A highly-decorated biscuit tin lived on our front room windowsill at 36 Ashfield Avenue. It was filled with family snapshots. One of them was this postcard, showing our road as it was when we moved there in 1935. Just visible is the horse-drawn milk cart on the daily morning round. The houses at the top on the right had bay windows with curved glass: I was just ten years old and bitterly disappointed to find that we weren’t moving into one of these. They were very modern and would have been a good bragging topic at the new school when the other braggers weren’t nearby. But we did find that we had an already-installed telephone – unbelievable in the 1930s; an actual telephone. And that was very good material for bragging.
Drama hit us late one afternoon. The hill was hardly steep, but you usually entered it at a fair crack from the main road and the gradient quickly speeded you up. My father was cycling home from work and looking forward to his bath and his slippers and settling down to the ‘News Chronicle’ with a cup of tea. He swung into our road and went freewheeling down the hill. As usual, he began braking as he passed that gas lamp on the left.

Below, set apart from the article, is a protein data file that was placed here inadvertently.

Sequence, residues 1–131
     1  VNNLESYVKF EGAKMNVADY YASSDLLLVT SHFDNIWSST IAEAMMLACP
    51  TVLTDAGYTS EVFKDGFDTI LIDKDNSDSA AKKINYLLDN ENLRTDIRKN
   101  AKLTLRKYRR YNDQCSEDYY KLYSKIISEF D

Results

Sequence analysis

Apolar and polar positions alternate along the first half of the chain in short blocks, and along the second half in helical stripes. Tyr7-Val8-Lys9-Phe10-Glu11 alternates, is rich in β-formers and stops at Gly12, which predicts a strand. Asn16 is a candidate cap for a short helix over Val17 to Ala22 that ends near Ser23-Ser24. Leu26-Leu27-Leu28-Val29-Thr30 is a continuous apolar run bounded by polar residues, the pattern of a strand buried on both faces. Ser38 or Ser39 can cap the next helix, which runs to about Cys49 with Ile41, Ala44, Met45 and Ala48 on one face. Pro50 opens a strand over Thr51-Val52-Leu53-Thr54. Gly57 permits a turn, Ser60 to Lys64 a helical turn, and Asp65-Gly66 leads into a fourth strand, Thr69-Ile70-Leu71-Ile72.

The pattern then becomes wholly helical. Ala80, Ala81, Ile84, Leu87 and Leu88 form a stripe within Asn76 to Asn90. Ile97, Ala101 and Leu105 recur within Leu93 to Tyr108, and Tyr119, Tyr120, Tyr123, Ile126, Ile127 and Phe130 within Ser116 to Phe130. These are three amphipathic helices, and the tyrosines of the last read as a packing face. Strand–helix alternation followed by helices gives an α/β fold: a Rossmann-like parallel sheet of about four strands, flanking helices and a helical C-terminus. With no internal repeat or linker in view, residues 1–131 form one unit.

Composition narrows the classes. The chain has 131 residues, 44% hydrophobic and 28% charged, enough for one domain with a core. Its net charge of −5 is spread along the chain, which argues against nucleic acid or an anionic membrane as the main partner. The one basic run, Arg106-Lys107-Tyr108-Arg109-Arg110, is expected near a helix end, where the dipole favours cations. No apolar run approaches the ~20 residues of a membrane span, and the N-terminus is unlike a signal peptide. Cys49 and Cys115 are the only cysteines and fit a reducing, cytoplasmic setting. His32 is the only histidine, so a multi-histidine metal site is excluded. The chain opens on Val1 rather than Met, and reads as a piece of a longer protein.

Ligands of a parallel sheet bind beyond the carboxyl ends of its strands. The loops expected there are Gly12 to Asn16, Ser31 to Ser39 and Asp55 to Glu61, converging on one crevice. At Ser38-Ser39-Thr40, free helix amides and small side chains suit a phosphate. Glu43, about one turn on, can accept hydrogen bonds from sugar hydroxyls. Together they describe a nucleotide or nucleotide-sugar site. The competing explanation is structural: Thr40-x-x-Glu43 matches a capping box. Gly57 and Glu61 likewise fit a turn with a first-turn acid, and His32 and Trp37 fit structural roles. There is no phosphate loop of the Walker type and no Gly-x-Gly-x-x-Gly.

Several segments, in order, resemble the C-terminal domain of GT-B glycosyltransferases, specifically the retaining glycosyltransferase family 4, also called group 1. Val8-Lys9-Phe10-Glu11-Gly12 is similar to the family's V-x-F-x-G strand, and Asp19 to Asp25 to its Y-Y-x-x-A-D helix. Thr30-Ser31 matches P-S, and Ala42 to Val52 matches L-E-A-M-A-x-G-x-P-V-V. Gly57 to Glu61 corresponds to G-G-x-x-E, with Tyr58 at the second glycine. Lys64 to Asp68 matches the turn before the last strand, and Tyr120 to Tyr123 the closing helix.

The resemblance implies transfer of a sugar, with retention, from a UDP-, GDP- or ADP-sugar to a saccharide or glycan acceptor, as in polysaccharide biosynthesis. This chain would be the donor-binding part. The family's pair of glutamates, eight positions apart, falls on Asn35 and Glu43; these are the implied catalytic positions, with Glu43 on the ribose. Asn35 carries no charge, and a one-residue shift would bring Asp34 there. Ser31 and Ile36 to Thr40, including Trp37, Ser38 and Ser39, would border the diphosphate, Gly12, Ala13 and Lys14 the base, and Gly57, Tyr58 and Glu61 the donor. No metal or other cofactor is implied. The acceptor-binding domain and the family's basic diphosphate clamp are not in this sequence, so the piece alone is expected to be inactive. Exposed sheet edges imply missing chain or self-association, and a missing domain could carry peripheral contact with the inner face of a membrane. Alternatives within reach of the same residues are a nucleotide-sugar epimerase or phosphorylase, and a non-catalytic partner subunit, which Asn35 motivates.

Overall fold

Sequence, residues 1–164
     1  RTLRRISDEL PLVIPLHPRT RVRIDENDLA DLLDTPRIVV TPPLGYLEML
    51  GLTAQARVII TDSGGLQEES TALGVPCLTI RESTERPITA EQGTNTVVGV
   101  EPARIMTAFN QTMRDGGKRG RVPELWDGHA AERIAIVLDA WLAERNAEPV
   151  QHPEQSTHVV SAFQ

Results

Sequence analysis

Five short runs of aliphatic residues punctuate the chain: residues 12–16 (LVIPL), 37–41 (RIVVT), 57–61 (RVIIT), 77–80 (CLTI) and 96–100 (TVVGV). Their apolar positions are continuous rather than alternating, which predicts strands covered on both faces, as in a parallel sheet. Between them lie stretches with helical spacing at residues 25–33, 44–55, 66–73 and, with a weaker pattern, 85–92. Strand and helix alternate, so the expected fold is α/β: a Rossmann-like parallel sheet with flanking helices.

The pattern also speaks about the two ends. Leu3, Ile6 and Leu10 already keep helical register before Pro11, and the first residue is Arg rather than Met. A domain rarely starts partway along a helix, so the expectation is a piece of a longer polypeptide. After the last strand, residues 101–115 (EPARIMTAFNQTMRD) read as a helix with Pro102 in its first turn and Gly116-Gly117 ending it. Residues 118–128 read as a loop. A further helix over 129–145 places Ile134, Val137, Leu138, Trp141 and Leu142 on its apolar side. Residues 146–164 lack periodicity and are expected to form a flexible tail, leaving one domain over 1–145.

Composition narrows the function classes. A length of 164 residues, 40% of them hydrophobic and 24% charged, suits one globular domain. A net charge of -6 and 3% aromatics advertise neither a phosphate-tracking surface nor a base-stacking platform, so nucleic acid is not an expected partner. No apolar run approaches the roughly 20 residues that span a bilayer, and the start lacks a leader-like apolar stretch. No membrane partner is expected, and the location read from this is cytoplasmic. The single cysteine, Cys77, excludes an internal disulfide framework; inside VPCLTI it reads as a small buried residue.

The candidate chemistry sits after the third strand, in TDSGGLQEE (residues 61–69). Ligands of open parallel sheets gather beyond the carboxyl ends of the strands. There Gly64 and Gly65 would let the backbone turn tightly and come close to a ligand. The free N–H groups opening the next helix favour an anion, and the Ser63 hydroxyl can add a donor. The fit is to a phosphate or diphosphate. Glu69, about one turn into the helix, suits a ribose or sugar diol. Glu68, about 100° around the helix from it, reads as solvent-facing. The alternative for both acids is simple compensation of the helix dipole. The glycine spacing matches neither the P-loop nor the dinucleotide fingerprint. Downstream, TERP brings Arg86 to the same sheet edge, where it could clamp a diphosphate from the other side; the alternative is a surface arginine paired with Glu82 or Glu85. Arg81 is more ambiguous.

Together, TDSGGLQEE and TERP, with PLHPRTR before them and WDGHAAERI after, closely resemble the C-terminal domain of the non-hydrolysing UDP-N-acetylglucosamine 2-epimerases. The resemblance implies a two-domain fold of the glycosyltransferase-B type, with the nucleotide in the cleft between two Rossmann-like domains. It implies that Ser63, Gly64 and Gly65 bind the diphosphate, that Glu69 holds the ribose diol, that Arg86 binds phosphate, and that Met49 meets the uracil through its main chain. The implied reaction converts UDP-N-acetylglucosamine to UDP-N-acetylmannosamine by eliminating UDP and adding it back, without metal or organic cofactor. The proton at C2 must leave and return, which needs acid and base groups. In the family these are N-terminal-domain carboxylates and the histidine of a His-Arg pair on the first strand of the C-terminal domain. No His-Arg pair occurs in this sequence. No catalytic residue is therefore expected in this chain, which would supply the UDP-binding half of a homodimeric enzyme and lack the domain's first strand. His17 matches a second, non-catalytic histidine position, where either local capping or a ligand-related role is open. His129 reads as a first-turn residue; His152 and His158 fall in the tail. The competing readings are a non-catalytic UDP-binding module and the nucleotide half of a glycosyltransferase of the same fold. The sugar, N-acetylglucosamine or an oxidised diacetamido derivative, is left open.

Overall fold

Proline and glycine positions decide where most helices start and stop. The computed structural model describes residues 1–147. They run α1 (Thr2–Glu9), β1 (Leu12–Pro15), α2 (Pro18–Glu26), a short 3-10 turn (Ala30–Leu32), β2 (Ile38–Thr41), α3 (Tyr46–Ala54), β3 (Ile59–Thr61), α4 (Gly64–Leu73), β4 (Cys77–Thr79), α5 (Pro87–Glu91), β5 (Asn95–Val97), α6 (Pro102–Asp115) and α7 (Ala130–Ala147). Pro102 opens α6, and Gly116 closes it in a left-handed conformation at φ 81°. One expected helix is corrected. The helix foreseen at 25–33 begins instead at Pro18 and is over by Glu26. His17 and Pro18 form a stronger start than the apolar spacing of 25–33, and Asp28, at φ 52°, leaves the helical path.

But this time his brakes didn’t work.
He was going too fast to jump off; he couldn’t even relax and depend on an uphill stretch at the bottom to slow him down; across the bottom was a five-barred gate barring the way to the grazing fields beyond. He was probably now going faster than he had ever been before. Then he saw at the very bottom of the hill, on the left, a big pile of builders’ sand. It was half on the pavement, half in the road. He aimed for it.
As he hit, the bike buried itself and he went into a tight somersault over the handlebars and on to the heap. It saved him.
My memory is of hearing a rattling of keys at the front door and opening it and seeing a very sandy father looking at me through sand-encircled eyes.
‘No brakes!’ he said.